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Why You Shouldn't Have 'Education' at the Top of Your Resume

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Resumes? Who needs them!

That's the thinking of folks at LinkedIn, who recently announced you can use the professional network to apply for jobs -- and you don't even need a resume.

Now, fire off a job application using your LinkedIn profile (click 'Apply Now'). Sounds pretty nice if you're applying in a hurry.

For all other scenarios, your resume still matters. Heather Huhman of job resource Come Recommended says you could be super creative and make a resume that looks like an Amazon product description.

Want an easier way to get noticed? Move Education to the bottom of your resume and Work Experience to the top. The strategy has everything to do with our economy today and will make your resume more effective time and again.

You are more than a degree

If you begin your resume with 'Education,' you sacrifice coveted space to, frankly, the least interesting part of your bio.

Then, the employer looks up from your piece of paper and says, "OK, so what do you know how to do?"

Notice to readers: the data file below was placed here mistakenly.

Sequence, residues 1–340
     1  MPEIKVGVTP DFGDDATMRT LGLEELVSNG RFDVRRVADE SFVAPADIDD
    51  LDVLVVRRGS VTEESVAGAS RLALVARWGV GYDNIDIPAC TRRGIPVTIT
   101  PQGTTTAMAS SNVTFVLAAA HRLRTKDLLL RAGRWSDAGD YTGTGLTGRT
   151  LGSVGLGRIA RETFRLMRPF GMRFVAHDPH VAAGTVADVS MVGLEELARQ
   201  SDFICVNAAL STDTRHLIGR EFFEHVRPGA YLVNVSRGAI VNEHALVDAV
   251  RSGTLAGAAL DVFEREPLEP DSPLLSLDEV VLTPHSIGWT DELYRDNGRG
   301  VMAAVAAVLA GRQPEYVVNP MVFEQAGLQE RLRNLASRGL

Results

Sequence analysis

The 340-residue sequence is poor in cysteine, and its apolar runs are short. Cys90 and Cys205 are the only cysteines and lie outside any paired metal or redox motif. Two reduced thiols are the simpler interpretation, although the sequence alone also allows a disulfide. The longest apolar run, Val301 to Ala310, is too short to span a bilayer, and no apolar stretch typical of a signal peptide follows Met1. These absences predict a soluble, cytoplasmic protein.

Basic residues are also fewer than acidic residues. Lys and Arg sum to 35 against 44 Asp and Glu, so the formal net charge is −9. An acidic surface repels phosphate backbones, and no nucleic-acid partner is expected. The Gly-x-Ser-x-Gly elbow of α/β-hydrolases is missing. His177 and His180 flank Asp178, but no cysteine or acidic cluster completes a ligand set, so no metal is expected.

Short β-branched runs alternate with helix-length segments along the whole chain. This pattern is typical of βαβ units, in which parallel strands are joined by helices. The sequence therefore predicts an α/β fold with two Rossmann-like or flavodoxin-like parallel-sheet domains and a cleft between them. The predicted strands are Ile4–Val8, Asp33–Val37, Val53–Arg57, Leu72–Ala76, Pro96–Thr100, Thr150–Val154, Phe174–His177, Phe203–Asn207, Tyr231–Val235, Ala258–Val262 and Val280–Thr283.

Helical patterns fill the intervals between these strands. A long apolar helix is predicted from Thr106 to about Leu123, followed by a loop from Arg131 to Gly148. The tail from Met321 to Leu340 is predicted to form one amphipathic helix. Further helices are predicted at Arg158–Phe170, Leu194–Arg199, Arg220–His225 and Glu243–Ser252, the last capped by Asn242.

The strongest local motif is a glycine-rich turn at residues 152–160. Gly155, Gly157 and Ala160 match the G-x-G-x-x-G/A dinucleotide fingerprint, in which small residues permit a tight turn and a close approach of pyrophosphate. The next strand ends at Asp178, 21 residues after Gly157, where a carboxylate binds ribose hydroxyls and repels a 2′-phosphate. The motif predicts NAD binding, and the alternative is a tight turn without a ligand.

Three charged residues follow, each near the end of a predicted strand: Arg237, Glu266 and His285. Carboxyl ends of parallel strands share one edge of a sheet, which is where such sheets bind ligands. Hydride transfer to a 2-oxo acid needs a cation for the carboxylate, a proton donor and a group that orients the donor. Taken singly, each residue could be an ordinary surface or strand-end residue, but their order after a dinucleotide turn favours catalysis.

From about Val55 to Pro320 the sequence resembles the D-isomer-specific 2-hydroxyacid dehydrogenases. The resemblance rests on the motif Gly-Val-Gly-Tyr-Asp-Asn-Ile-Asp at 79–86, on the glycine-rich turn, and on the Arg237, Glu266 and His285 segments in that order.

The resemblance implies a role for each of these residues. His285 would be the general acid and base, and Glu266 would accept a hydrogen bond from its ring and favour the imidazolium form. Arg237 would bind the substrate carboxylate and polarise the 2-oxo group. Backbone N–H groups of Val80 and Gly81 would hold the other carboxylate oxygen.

We are entrenched in a skills-based economy, and what really counts are your abilities. It doesn't matter if you learned them at college, an internship, a full-time job or while babysitting your neighbor's kids.

Skills. Skills. Skills.

Employers want 'em, and your resume must quickly prove you got 'em.

The challenge in this hyper-ADD, 6-second Vine, 144-character tweet social universe is to immediately convince someone of your 'specific contribution,' as columnist Thomas Friedman calls it.

Start with the best stuff

In journalism, it's called the 'lead' (or 'lede' if you want to be fancy about it). The 'lead' here is your current job and the most compelling duties or accomplishments you have mastered to date.

If you only have internships and not a 'real job,' it's OK to start with those positions too. Be detailed about the work you did and let your experience -- not your college -- describe you. Bosses don't care where your skills come from but only that you have them.

If an employer has to scan the page to find the goods (the 'skills'), then you have effectively 'buried the lead.' That's a journalism (and employment) no-no.

Don't worry. The employer will locate your college and degree(s) at the bottom of the resume. Just realize that a diploma alone won't make you different. Whether it's a two-year associate's, four-year bachelor's or online coursework, plenty of people have graduated from somewhere.

You know what no one else can claim? Your diverse range of talents.

Crack open your resume right now and place Work Experience at the top. In today's job market, your skills are the greatest thing you got.

How else can we spruce up our resumes?

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